Doctors were finally able to diagnose the young woman’s illness through a urine test. She was successfully treated and released from the hospital after two days.

Rigel noted that dermatologists who prescribe Aczone have a responsibility to always screen patients for this issue. "And patients have to know that when they're asked to give their drug history they can't forget their topicals," he said.

The young woman’s case was described in a letter published in the New England Journal of Medicine.

Source: Alan Mozes, http://www.webmd.com/skin-problems-and-treatments/acne/news/20150129/acne-gel-linked-to-rare-side-effect-doctors-warn

Your Teen

Sunburn Warnings for Kids and Teens

1.45 to read

It is well known that sun exposure raises the risk of developing skin cancer, the most common cancer in the United States. Basal cell carcinoma (BCC) and Squamous-cell carcinoma (SCC) occur most frequently — more than 1 million cases are diagnosed yearly. Most develop in older adults, but the incidence is rising in younger people. These cancers are highly curable if found early and removed; nonetheless, about 2,000 people die of these tumors each year, according to the American Cancer Society (ACS).Now more than ever, we encourage children to engage in outdoor physical activity. Being outside without adequate sun protection, however, often leads to sunburn and increases the risk of developing skin cancer.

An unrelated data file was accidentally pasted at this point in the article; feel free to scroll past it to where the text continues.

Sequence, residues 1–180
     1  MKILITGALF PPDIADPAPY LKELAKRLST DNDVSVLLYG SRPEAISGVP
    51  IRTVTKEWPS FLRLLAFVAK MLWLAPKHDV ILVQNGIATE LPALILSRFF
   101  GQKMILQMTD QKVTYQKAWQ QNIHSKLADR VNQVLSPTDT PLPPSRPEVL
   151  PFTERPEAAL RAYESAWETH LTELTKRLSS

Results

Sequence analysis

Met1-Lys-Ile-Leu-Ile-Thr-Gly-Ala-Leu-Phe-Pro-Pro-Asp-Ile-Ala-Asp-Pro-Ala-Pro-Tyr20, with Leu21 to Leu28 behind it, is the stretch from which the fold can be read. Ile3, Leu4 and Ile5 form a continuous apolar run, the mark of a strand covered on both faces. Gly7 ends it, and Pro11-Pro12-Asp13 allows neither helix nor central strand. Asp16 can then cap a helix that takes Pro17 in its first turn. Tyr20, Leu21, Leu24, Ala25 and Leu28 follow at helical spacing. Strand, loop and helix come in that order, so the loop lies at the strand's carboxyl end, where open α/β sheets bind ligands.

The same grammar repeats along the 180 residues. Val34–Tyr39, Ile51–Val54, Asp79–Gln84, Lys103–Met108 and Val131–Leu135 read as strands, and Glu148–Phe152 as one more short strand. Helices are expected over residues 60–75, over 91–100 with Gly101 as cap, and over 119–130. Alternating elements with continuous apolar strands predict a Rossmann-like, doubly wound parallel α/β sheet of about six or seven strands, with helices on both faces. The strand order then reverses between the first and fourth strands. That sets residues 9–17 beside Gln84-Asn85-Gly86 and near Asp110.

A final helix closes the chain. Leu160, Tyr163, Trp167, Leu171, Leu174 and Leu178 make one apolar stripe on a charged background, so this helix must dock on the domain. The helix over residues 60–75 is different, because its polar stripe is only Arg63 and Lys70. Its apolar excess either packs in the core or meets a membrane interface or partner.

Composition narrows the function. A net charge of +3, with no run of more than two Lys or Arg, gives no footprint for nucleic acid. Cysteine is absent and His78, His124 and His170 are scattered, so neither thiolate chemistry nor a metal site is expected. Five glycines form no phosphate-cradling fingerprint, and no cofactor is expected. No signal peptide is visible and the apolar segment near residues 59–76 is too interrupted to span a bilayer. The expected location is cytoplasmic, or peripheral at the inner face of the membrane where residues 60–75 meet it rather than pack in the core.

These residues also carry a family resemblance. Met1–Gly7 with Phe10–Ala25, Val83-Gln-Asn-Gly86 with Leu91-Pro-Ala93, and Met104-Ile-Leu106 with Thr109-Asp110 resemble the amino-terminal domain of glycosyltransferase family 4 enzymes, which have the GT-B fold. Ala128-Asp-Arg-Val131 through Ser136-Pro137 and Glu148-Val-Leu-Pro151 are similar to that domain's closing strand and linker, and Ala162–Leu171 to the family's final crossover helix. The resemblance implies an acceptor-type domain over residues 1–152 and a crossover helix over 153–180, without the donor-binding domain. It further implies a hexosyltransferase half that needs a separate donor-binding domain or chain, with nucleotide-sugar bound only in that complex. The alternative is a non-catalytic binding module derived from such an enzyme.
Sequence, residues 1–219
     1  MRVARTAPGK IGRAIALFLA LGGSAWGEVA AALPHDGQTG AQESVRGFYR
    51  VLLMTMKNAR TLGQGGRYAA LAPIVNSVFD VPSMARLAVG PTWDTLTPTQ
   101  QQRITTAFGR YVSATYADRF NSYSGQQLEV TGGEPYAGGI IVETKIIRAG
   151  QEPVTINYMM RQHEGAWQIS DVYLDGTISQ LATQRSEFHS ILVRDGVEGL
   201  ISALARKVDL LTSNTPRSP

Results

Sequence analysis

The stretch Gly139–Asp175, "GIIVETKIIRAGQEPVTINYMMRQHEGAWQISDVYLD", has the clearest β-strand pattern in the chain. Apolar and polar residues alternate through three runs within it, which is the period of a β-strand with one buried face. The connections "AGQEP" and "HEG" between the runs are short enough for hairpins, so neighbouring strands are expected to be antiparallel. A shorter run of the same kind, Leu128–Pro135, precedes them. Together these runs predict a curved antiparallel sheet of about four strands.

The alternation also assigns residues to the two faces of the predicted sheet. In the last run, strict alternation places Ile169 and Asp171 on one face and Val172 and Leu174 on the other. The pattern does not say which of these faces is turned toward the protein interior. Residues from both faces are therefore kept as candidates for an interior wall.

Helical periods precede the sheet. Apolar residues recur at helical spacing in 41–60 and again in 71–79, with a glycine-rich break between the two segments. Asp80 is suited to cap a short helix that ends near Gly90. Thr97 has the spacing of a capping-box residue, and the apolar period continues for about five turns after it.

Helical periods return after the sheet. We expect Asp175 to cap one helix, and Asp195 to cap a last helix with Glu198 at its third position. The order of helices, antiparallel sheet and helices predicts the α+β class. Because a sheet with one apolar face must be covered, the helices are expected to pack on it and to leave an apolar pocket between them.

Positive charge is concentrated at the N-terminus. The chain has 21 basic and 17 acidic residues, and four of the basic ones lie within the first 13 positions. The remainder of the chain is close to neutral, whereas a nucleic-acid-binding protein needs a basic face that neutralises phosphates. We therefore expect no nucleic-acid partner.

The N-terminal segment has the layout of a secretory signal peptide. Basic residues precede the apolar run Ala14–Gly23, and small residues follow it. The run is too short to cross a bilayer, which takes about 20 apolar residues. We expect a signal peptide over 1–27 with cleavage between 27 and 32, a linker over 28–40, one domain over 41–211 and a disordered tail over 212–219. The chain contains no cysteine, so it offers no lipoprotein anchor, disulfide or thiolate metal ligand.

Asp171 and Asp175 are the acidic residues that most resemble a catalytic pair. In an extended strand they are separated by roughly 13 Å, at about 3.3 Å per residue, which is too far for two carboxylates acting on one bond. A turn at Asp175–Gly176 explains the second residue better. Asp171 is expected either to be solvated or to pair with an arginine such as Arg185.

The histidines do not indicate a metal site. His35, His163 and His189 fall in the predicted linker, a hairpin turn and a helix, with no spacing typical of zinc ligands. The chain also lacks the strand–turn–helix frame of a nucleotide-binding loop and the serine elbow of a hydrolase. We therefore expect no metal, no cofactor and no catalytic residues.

In the March issue of Pediatrics, an AAP technical report and policy statement updates information about the hazards of solar ultraviolet radiation (UVR) and highlight the dangers of tanning salons. Skin cancer rates rising It is well known that sun exposure raises the risk of developing skin cancer, the most common cancer in the United States. Basal cell carcinoma (BCC) and Squamous-cell carcinoma (SCC) occur most frequently — more than 1 million cases are diagnosed yearly. Most develop in older adults, but the incidence is rising in younger people. These cancers are highly curable if found early and removed; nonetheless, about 2,000 people die of these tumors each year, according to the American Cancer Society (ACS). Melanoma, the third most common skin cancer, occurs mostly in older adults but also is a common cancer in young adults. New diagnoses of melanoma are increasing rapidly, and many skin cancer experts say that melanoma incidence has reached epidemic proportions. The lifetime risk of developing melanoma is about 2% (1 in 50) for white people, 0.5% (1 in 200) for Hispanics and 0.1% (1 in 1,000) for blacks. People at highest risk have light skin and eyes and sunburn easily. Melanoma accounts for only 5% of skin cancer cases but causes more than three-quarters of skin cancer deaths. Although nearly always curable if detected early, metastases melanoma has a grave prognosis. ACS estimated that there were 68,130 new cases and about 8,700 people died of melanoma in 2010. What increases risk? Young people who experience one or more severe, blistering sunburns have a higher risk of developing melanoma later on. Intense intermit- tent sun exposure also raises the risk of developing BCC. In contrast, developing SCC is related to experiencing lower levels of UVR exposure over longer time periods. Each day, more than 1 million people visit one of 50,000 U.S. tanning salons. Teen girls are frequent visitors. Powerful tanning lamps emit high levels of UVR, primarily ultraviolet A (UVA) radiation, but also some ultraviolet B (UVB). According to recent evidence, a tanning response means that DNA damage has occurred in skin. The International Agency for Research on Cancer concluded that UVR from artificial sources is a human carcinogen. Many experts believe that dramatic increases in skin cancer, including in young people, may be due in part to increasing use of tanning salons. There is no evidence to suggest a protective effect of salon tanning (the “pre-vacation tan”) against the damaging effects of subsequent sun expo- sure. Advice for families Limiting exposure to UVR can prevent many cases of skin cancer. A program of sun protection is recommended. Children and families should avoid sunburn and sun tanning, wear protective clothing and hats with brims, and apply sunscreen. When feasible, plan outdoor activities to limit exposure to peak-intensity midday sun (10a.m.- 4 p.m.) Sunglasses should be worn when in the sun. Protection comes from a chemical coating applied to the glass; lens color has nothing to do with UV protection. Parents and teens should look for a label stating that sunglasses block at least 98% of UVA and UVB rays. Correctly using sunscreen can prevent sunburn and is believed to protect against SCC. Using sun- screen has not, however, been shown to prevent melanoma or BCC. In addition, concerns have been raised about systemic absorption of sunscreen. Oxybenzone, a common sunscreen ingredient, was found in 97% of 2,500 urine samples analyzed as part of the Centers for Disease Control and Prevention’s National Health and Nutrition Examination Survey conducted in 2003- ’04. Results from studies in animals exposed to certain sunscreen ingredients have shown alterations in reproductive and other organs. Sunscreen ingredients have been detected in breast milk. Although toxicity in infants or young children resulting from sunscreen absorption has not been reported, skin permeability to topically applied products is of concern in the very young, especially in preterm infants. Absorptive and other properties of children’s skin may differ from those of adult skin until children are at least 2 years old. Despite these new concerns, using sunscreen is recommended as part of overall sun protection by the Academy and many other organizations. Overexposure to the sun definitely raises skin cancer risk, and there is no benefit to sunburns or to skin aging. Sunscreen with a sun protection factor (SPF) of 15 or higher should be used when a person might sunburn. It should be allowed to dry before a person goes outdoors. To be most effective, use sufficient quantities of sunscreen (about 1 ounce per application for an adult); apply it every two hours; and reapply the product frequently after swimming, exercising, sweating or towel drying. Select a “broad-spectrum” sunscreen that protects against both UVA and UVB. Skin cancer prevention is a lifelong effort. Although time is at a premium for most pediatricians, an important aim is to incorporate advice into at least one health maintenance visit per year, beginning in infancy. Not all children sunburn, but all are at risk of adverse effects of UVR exposure on the eyes and immune system. Teachable moments may be found during visits for sunburns or when a teenager is noted to have a tan.